在研究人員看來，如果想要徹底根除科學領域更廣泛的不平等現象，各界就必須直面並理解這種猶豫不決的心理，以及輕微的、可能出自潛意 識且毫無根據的反數理學科情緒(quantipathy)。充足的證據已經駁斥了那種認為女性大腦根本不能進行空間思維，量子飛躍和數學題運算的觀點。在世界範圍內，女孩的數 學平均成績與男孩大體一致，並無優劣之別。
As researchers see it, that reluctance, that slight and possibly subliminal case of unfounded quantipathy, must be confronted and understood if the wider inequities in science are to be rooted out for good. Ample evidence refutes the notion that female brains just can’t rotate the object, leap the quantum, do the math. Worldwide, girls’ average math scores are on a par with those of boys.
Psychologists say that “priming” people in this way is not some form of hypnotism, or even subliminal seduction; rather, it’s a demonstration of how everyday sights, smells and sounds can selectively activate goals or motives that people already have.
Priming the Unconscious
The idea of subliminal influence has a mixed reputation among scientists because of a history of advertising hype and apparent fraud. In 1957, an ad man named James Vicary claimed to have increased sales of Coca-Cola and popcorn at a movie theater in Fort Lee, N.J., by secretly flashing the words “Eat popcorn” and “Drink Coke” during the film, too quickly to be consciously noticed. But advertisers and regulators doubted his story from the beginning, and in a 1962 interview, Mr. Vicary acknowledged that he had trumped up the findings to gain attention for his business.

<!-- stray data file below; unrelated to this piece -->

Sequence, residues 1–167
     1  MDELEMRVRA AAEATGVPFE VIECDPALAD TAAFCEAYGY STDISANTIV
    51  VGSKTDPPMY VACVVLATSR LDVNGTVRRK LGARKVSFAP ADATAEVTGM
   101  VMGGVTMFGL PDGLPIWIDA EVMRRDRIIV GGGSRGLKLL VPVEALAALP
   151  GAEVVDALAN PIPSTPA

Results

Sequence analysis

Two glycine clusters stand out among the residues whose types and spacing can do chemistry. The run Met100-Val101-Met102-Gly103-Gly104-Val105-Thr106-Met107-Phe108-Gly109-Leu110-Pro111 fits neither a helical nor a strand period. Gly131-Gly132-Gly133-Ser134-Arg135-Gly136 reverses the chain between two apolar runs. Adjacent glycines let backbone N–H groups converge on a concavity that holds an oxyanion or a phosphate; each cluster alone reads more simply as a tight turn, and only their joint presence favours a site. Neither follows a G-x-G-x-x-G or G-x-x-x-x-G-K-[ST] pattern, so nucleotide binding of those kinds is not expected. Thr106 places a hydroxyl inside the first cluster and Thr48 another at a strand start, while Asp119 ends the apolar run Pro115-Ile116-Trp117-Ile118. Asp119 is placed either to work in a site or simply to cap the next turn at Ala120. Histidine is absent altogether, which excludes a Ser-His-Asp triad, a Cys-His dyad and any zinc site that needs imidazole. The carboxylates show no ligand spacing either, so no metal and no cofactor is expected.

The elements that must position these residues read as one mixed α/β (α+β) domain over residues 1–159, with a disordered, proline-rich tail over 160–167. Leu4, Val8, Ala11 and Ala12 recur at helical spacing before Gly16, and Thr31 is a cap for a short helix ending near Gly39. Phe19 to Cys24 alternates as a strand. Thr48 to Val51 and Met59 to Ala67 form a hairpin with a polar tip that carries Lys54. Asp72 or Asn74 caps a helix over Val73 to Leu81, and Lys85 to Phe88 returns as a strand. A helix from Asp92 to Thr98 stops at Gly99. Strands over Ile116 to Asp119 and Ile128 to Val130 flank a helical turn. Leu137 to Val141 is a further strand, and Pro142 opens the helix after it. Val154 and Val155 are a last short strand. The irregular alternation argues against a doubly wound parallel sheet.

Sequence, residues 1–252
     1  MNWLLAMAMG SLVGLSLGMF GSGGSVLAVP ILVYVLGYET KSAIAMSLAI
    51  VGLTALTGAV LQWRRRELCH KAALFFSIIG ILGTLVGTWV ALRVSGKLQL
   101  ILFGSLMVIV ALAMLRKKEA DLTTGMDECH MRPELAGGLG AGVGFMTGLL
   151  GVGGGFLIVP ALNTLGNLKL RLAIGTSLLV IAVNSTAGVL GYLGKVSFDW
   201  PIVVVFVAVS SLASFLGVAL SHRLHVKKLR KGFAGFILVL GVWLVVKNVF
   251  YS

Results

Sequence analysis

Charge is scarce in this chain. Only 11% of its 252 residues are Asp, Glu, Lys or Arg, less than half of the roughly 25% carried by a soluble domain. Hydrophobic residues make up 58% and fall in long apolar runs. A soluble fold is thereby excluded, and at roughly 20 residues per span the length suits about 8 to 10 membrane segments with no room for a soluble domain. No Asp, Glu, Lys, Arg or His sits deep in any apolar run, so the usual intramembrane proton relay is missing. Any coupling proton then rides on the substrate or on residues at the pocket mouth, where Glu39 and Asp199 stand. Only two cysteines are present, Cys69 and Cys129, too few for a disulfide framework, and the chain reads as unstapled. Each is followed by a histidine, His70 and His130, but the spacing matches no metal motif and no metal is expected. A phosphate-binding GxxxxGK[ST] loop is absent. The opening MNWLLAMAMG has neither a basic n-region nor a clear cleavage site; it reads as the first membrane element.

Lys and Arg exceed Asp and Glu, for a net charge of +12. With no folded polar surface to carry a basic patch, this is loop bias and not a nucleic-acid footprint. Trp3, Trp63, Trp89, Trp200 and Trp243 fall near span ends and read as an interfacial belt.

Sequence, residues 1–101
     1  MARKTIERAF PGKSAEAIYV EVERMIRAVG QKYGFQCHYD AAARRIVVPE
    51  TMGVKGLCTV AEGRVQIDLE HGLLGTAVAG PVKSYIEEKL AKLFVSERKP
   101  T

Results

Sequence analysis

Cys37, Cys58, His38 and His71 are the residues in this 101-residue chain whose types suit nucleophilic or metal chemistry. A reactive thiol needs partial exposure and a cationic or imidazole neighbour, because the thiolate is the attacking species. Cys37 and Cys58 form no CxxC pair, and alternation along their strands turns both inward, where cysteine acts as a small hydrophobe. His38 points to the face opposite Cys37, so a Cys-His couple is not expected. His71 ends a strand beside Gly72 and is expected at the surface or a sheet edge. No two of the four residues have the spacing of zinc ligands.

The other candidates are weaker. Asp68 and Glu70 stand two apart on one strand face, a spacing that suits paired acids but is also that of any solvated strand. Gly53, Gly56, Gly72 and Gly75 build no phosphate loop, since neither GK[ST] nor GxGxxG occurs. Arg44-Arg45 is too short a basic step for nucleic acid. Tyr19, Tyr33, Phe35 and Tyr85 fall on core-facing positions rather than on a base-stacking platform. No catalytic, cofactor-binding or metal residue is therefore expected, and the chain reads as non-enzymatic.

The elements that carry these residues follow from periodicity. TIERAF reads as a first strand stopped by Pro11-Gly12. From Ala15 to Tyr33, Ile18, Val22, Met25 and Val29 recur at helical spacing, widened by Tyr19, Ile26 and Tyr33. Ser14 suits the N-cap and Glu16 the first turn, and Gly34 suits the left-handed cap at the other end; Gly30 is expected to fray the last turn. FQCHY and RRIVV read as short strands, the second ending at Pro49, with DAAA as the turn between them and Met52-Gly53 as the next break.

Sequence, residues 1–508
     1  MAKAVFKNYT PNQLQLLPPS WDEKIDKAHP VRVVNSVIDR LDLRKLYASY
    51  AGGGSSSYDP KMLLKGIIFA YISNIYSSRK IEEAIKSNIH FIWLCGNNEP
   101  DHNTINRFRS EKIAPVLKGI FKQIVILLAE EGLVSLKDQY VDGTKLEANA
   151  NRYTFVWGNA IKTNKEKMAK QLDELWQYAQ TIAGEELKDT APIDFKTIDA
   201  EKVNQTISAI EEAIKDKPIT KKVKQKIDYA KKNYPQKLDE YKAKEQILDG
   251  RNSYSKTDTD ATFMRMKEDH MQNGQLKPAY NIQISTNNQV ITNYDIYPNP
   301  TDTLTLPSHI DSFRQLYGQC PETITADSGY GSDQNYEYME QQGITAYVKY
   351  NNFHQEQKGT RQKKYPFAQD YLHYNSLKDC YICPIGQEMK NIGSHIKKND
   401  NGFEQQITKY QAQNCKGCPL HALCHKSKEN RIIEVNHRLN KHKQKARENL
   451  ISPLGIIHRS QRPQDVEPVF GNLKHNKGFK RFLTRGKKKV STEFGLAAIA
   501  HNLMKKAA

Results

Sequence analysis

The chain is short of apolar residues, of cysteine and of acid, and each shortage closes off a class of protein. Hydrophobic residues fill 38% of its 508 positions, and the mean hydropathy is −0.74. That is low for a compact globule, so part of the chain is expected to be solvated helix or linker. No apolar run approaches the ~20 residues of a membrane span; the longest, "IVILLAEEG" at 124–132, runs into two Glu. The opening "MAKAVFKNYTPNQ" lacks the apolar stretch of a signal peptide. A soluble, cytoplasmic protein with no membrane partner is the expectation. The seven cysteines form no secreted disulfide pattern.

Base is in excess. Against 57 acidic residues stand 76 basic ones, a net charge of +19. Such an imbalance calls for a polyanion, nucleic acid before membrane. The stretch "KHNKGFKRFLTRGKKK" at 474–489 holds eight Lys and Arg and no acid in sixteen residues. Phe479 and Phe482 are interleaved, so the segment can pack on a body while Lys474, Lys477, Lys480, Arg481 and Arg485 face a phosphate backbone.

Later studies of products promising subliminal improvement, for things like memory and self-esteem, found no effect.
Who’s Minding the Mind?